We have a Christmas tradition in Germany. It starts around early to mid September, shops take out their decorations (since there’s no Thanksgiving and only a little Halloween we can plunge directly into the Christmas joy) and the first Lebkuchen appear. An it always starts with this. Wham!
The first time you hear it it feels like
What the f*** it’s bloody September.
By early December you go
If I hear this again I’ll scream, really!
By Christmas time there’s no reaction anymore. The sound is just ignored like it’s not even there.
Today, December 17th I’ve heard the song for the first time in the 2012 holiday season. Being far from home, having no holiday spirit yet it even feels nice. And mind you it wasn’t even the panpipe version like they have here so often in Guatemala.
Crib procession and fireworks
That’s our tradition. People in Xela have another. They decorate a Christmas crib, with flowers, blinking lights, Maria, Josef, animals but no baby Jesus yet. They have a procession every night for nine nights coming up Christmas. Blowing whistles, carrying candles, having some fireworks (immensely important here! Kids -yes- sell them in the street or the markets). They carry the crib to a person’s home where it’s displayed for friends and family to visit until next night when it’s carried to someone else’s home.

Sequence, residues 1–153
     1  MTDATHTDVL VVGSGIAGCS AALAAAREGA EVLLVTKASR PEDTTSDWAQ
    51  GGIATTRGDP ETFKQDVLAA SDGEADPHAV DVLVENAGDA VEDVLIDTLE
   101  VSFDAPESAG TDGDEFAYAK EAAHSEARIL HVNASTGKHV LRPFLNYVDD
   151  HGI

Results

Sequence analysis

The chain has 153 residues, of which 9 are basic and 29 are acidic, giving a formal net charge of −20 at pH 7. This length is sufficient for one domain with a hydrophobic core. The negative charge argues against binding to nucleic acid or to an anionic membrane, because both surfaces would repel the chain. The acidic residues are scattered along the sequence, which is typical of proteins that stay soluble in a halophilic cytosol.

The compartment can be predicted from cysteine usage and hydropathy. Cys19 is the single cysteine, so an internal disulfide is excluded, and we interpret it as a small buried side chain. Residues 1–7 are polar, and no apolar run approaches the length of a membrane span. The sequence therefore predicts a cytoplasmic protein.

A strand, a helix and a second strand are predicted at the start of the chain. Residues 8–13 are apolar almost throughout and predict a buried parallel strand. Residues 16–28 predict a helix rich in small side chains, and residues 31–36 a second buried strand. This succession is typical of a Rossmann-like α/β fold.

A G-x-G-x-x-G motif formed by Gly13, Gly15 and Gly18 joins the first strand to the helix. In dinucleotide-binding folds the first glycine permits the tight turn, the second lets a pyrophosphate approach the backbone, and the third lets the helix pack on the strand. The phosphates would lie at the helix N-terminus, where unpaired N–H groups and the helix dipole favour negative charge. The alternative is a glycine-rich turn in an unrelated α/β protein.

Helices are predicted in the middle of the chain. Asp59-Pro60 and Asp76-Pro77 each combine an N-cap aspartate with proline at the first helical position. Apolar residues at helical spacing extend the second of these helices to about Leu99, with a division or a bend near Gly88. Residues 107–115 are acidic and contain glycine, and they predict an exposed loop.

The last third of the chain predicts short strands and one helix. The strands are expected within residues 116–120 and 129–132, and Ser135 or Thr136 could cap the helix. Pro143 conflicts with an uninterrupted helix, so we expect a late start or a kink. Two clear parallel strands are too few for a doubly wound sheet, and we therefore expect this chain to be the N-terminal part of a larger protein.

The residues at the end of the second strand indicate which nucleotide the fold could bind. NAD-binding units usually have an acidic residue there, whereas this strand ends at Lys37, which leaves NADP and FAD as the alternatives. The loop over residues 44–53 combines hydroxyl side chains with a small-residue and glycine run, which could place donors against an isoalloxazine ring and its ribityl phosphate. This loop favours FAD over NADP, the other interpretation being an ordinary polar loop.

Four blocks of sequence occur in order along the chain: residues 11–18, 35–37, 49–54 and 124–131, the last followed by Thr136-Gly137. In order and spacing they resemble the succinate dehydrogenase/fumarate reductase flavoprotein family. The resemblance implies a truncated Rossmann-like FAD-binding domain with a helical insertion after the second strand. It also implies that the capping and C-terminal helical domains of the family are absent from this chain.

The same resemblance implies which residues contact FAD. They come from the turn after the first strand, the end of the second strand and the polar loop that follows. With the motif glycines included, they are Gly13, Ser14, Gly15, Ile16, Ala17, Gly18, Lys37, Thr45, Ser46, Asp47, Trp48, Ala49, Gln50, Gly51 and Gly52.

We passed by one of these homes the other day and a nice lady invited us to come in and watch and follow them to he next home some time later. She asked us if we were catholic. We denied. She asked us what our religion might me. We said we had none. She looked at us like that’s not a real thing and invited us in anyway. Anton was fascinated by the crib and the lights, blinking playing Christmas melodies like in tacky greeting cards. That night Anton asked for a bedtime story.
Can you tell me about the crib and everything how Jesus was born?
So back to our tradition, just pretend you haven’t heard it this year.